The Sinking of the R.M.S. Leinster

People on board

William Stephen Hall

HALL, William Stephen

William Stephen Hall was born on 30 October 1869 in London to William Stephen Hall and Theresa Adelina Talkington. He was the second of six children, his older sister dying at the age of twenty one and a younger brother dying in infancy. William Hall Snr. was a Master Tailor and the family lived close to St Pancras Station in central London until moving to Finchley in the north west of the city in the 1880s. In the 1891 census William Jun. was working as a Tailor’s Cutter, while his brother Frederick was a Tailor’s Apprentice, both presumably working with their father.

In 1896 William married Edith Cooze in Finchley. A son, Eric Stephen, was born in 1897 and a daughter, Olive Edith, in 1904. By 1911 both the families of William and Edith, and his parents William and Theresa, had moved again to Pinner in north west London. Both continued with the same tailoring jobs, while a brother, Gerald, living with the parents, was a Photographic Artist.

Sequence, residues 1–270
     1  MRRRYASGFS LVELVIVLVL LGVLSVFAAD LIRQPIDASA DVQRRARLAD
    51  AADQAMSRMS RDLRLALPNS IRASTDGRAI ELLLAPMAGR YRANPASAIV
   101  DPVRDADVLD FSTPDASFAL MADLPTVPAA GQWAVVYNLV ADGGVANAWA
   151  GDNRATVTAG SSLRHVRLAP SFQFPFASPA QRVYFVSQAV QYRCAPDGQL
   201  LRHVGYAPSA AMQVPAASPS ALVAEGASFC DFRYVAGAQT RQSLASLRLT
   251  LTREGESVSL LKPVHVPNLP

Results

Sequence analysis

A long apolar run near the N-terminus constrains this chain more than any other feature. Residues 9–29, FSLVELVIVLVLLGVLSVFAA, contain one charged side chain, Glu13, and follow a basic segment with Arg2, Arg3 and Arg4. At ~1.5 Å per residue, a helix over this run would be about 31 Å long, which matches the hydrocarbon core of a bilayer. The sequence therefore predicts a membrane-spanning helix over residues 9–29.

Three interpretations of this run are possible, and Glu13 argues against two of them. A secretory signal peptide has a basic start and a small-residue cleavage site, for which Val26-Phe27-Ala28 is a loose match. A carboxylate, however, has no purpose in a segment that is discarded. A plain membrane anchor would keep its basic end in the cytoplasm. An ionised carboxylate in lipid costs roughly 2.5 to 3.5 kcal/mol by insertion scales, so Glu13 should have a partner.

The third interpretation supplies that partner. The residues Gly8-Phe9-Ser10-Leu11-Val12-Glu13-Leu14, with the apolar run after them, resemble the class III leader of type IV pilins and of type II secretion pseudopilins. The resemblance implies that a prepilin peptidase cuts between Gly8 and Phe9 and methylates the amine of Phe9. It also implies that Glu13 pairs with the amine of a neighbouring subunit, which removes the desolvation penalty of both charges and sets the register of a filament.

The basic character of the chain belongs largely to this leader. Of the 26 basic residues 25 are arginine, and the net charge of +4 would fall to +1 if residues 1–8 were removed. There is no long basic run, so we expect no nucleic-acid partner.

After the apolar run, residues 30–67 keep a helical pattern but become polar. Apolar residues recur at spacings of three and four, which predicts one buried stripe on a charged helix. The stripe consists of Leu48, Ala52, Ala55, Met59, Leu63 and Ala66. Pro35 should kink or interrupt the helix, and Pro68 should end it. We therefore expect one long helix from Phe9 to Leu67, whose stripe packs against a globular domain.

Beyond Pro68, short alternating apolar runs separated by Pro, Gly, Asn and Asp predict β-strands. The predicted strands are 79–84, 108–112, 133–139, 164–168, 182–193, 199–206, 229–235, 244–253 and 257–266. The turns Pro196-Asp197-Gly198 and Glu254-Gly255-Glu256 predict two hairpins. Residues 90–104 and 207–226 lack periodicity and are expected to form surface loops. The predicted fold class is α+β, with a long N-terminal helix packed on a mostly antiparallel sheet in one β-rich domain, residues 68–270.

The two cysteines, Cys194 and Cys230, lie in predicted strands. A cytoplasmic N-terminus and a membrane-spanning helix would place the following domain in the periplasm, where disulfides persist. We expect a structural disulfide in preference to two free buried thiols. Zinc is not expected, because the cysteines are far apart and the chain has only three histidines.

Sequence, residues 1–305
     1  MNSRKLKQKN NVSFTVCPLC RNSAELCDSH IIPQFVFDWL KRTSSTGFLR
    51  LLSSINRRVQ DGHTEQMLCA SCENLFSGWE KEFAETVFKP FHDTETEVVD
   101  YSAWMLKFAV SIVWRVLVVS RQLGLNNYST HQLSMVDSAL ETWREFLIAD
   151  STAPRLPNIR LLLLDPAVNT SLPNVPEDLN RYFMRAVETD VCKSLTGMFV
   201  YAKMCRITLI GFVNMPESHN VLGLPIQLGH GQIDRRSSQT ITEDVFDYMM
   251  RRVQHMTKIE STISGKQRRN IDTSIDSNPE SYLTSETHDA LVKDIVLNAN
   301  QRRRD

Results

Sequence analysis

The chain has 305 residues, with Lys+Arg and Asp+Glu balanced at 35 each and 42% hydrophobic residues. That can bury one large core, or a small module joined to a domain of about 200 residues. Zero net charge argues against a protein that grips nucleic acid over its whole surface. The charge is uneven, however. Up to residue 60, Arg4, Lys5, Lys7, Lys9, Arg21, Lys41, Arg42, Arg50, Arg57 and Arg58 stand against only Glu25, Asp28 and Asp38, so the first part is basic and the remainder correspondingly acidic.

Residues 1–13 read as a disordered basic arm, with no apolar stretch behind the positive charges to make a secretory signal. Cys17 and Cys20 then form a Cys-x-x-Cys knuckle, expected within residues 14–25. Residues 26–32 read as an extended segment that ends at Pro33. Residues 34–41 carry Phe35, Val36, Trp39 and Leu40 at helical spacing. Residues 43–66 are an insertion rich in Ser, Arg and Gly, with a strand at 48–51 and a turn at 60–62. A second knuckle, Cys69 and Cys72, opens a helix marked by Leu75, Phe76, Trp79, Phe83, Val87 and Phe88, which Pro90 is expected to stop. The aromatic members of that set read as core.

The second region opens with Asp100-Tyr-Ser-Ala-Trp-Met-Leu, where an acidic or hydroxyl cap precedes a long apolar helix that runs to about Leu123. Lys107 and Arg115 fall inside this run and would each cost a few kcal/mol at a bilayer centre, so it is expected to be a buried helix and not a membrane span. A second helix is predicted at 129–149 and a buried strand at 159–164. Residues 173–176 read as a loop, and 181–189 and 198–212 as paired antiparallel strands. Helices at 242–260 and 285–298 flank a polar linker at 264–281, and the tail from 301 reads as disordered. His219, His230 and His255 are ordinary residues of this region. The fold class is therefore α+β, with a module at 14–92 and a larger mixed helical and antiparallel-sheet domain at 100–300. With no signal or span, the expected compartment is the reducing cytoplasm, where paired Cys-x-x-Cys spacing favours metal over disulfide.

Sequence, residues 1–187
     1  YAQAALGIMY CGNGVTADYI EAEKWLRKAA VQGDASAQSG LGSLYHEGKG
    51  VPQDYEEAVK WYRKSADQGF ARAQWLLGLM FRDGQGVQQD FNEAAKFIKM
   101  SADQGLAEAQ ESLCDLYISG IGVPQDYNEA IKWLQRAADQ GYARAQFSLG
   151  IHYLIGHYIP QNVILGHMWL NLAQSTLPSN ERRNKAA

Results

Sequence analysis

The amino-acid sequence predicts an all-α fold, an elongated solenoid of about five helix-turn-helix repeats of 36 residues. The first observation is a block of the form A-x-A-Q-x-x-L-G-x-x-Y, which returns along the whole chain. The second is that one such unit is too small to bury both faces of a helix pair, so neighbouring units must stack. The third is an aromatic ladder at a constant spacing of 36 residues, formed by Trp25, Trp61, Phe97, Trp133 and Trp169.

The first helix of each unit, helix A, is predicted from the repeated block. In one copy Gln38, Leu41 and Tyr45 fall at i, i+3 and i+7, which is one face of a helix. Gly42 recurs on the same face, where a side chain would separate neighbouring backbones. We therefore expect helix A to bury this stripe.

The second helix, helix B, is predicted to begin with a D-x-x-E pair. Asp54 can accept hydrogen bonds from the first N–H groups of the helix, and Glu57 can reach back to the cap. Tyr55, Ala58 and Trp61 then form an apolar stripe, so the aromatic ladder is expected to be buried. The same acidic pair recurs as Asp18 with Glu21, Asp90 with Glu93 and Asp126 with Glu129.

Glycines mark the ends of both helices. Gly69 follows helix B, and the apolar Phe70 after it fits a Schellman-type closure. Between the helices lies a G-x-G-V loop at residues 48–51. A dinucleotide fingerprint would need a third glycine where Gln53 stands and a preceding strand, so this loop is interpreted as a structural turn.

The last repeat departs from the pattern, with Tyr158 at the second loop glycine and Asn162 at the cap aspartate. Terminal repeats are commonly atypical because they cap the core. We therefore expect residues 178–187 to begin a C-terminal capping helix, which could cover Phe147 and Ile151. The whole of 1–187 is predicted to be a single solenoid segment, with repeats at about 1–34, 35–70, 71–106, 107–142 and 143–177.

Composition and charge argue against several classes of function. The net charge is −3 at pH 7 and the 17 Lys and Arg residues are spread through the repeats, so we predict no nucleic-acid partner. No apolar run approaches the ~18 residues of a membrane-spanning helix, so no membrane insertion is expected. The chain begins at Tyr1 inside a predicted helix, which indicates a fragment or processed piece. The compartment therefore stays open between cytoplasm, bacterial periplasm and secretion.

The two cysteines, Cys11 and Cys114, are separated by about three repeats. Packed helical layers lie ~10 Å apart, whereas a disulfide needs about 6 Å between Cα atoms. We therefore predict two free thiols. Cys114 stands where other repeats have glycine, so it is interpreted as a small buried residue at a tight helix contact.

William first enlisted with the 9th Middlesex Regiment, where he was Acting Colour Sergeant. He then moved to the 5th South Lancashire Regiment with the rank of Lieutenant. The Battalion fought at Passchendaele and in April 1918 were deployed to Ireland and stationed in Dublin. There are family memories of travelling on a troop ship to visit him during school holidays. He travelled on RMS Leinster on 10 October 1918, returning home on leave or, again from family memories, to sign paperwork to go into partnership with the Pilkington Glass Company. He did not survive the sinking but his body was recovered. He was given a military funeral and his remains were interred in Grangegorman Military Cemetery in Dublin. His will was probated in December 1918, in which he left over £1,000 to his widow.

William’s son, Eric Stephen, had enlisted in the Middlesex Regiment in September 1914, having turned seventeen the previous July. He was in France from 1916 and suffered shell-shock in 1917 and mustard gas poisoning in the trenches. He survived the war and was demobbed in 1919 but suffered from damaged lungs and died young.


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